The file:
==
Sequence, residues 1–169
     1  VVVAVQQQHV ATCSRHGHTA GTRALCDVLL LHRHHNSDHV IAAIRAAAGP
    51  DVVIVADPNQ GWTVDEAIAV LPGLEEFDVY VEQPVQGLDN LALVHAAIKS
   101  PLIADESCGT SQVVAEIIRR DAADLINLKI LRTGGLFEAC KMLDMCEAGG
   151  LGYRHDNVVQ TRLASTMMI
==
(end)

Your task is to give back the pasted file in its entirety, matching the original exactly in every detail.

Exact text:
Sequence, residues 1–169
     1  VVVAVQQQHV ATCSRHGHTA GTRALCDVLL LHRHHNSDHV IAAIRAAAGP
    51  DVVIVADPNQ GWTVDEAIAV LPGLEEFDVY VEQPVQGLDN LALVHAAIKS
   101  PLIADESCGT SQVVAEIIRR DAADLINLKI LRTGGLFEAC KMLDMCEAGG
   151  LGYRHDNVVQ TRLASTMMI